We just told you that if current rates hold, there will be one new solar installation built in the U.S. every 83 seconds by 2016, for a total of 9 gigawatts.
Deutsche Bank's Vishal Shah, Jerimiah Booream-Phelps and Susie Min are out with an even more bullish projection: they think that the U.S. could hit 50 gigawatts (although this would still only be 2% of the entire U.S. energy picture):
They offer five reasons for their outlook:
1) Solar is already cost competitive in 10 states.
Deutsche Bank estimates the levelized cost of energy for solar to be $0.11 to $0.15 per kilowatt hour, compared with $0.11 to $0.37 kilowatt hour for retail electricity, for states including New Jersey, New York, Connecticut and Vermont (along with the usual suspects like California). "C onsidering the improved economics of solar in these markets along with other growth enablers such as solar leasing, availability of low cost financing, we expect installed capacity growth of ~600% over the next 4 years," they write.
2) Solar will soon be cost competitive in 12 other states.
Electricity in the existing parity states is slightly more expensive. But Deutsche Bank predicts the overall cost of solar will decline to $2.50 from $3.00 over the next 18 months, at which point states that enjoy historically cheaper electricity including Pennsylvania, Massachusetts and Maryland, along with Washington DC, will see parity.
3) Renewable corporations are getting smarter about how they're structured.
More companies are creating "C" corporations that act as holding companies for renewable assets. These are also known as YieldCos. RenewableGridMag has compared YieldCos to REITs and MLPs, which enjoy special tax breaks. " If investors value MLP and REIT assets at 7% to 8% distributable cashflow yield, there is good reason to believe they will value renewable assets at similar, if not lower, yields." Deutsche Bank says the tax benefits enjoyed by YieldCos can reduce solar financing costs by up to 300 bps, "in addition to providing significant amount of liquidity within the solar sector." Ultimately, YieldCos can bring the levelized cost of energy down to $0.08-$0.14 per kilowatt hour from $0.10 to $0.16.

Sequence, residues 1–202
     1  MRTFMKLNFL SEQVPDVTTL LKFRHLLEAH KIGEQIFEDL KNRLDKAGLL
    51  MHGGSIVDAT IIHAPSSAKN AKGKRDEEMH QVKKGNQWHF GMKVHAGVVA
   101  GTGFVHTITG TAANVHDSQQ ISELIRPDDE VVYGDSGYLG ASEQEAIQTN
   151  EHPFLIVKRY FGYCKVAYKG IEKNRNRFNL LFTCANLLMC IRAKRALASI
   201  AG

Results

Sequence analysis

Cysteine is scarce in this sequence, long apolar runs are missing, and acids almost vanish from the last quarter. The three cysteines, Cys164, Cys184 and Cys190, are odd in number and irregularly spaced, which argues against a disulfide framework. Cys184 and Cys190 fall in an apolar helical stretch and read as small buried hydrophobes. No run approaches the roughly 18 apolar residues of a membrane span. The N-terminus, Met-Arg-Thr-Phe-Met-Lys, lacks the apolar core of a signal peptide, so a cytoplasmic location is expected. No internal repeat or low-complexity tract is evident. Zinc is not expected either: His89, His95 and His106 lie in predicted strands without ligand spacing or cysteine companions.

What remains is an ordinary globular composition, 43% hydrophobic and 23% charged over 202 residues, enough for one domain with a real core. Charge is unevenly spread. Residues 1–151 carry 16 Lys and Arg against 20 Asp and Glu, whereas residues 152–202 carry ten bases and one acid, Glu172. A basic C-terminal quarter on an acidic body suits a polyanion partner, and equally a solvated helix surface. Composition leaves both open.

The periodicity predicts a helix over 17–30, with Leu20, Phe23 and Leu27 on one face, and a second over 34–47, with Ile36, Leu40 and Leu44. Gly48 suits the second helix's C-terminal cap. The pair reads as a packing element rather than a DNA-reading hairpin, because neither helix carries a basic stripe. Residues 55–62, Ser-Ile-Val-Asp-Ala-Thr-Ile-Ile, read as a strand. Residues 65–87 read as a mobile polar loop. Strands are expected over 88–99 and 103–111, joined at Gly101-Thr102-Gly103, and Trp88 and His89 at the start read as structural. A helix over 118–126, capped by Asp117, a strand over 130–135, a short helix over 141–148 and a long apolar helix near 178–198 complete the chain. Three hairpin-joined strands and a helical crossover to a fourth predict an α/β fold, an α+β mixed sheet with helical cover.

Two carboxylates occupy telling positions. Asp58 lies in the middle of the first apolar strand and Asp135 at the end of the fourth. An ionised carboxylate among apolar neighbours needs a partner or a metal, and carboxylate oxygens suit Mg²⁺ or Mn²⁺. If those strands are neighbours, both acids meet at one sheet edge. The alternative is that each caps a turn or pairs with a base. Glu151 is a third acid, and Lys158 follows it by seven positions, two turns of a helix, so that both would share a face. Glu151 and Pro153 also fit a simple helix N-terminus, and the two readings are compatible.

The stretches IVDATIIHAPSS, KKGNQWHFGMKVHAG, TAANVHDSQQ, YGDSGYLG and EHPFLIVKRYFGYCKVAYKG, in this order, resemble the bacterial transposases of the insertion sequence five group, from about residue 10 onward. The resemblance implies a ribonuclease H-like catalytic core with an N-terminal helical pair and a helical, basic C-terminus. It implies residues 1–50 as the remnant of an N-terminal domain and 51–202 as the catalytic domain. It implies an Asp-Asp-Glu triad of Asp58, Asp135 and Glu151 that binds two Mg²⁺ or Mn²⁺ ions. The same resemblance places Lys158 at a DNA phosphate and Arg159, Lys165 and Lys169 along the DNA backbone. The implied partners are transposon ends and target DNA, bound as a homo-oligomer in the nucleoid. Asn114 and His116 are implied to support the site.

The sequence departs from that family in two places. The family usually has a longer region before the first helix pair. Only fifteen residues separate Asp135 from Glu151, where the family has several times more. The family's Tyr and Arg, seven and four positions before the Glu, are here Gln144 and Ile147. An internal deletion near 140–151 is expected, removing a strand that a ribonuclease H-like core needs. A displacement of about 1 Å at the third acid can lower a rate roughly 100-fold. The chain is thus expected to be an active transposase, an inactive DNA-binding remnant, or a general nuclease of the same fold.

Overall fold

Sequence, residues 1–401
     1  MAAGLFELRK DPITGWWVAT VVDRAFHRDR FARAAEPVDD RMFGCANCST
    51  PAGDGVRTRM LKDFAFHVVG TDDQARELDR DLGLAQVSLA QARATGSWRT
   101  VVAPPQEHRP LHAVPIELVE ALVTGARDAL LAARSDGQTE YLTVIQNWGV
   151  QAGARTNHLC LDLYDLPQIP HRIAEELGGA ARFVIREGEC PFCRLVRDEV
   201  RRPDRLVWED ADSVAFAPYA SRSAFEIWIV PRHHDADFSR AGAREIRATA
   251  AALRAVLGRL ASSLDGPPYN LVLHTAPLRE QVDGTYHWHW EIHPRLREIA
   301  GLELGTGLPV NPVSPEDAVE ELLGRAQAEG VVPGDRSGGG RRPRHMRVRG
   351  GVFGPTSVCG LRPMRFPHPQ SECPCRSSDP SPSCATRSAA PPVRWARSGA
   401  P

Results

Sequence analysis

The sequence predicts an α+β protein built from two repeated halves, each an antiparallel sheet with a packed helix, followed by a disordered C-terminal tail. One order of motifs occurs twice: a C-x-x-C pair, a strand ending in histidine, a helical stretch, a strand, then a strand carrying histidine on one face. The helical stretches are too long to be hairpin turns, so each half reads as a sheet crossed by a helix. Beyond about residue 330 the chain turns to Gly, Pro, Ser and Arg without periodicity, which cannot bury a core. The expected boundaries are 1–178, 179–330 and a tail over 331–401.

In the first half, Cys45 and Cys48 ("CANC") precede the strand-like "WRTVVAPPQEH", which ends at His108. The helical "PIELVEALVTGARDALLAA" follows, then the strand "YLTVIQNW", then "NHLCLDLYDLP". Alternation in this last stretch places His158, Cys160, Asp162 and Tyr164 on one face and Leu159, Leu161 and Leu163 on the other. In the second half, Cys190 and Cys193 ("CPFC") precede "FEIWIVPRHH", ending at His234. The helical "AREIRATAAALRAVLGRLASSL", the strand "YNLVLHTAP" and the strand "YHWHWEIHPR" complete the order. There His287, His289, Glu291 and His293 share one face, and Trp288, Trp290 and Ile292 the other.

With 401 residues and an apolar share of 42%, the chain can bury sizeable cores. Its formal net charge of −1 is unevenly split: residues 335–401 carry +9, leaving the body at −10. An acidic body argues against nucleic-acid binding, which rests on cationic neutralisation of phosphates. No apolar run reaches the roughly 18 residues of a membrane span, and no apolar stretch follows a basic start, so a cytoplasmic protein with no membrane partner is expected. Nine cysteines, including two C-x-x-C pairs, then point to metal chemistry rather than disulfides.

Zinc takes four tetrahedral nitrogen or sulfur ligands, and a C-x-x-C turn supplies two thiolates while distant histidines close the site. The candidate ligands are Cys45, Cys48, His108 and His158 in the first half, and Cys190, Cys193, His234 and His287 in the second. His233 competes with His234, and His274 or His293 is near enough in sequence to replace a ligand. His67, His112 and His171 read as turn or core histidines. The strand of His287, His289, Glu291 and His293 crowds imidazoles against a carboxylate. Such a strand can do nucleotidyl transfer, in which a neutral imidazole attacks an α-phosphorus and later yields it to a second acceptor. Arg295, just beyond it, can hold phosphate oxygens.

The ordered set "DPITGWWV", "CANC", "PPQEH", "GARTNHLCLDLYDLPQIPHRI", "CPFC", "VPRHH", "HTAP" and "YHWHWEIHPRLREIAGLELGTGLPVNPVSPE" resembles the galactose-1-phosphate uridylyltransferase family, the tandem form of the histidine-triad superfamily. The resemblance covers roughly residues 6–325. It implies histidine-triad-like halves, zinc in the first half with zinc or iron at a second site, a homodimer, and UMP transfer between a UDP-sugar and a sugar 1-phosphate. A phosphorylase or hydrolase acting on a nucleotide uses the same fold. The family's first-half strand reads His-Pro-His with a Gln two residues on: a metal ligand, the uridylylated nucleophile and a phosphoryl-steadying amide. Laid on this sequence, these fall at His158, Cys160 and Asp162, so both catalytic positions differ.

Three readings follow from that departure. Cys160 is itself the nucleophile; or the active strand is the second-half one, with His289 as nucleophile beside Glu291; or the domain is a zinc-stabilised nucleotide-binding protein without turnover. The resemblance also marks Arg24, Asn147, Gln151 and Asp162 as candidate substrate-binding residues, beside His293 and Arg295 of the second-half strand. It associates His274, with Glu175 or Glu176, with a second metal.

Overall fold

4) The expiration of the solar investment tax credit in 2016 could see a flurry of new installations coming on line.
Currently, the ITC stands at 30% of the cost of purchase. Deutsche Bank assumes there will be a big new push into solar as the ITC expires. But if it's extended Deutsche Bank estimates a full 47 states will be able to reach grid parity.
5) Solar leasing is booming.
Solar leasing allows residents to get solar installed on their home for free, and pay nothing for maintenance. Deutsche Banks says solar leasing firms are already "highly profitable" and will see greater incentive to go after users before the expiration of the ITC in 2016.
The revolution is real.
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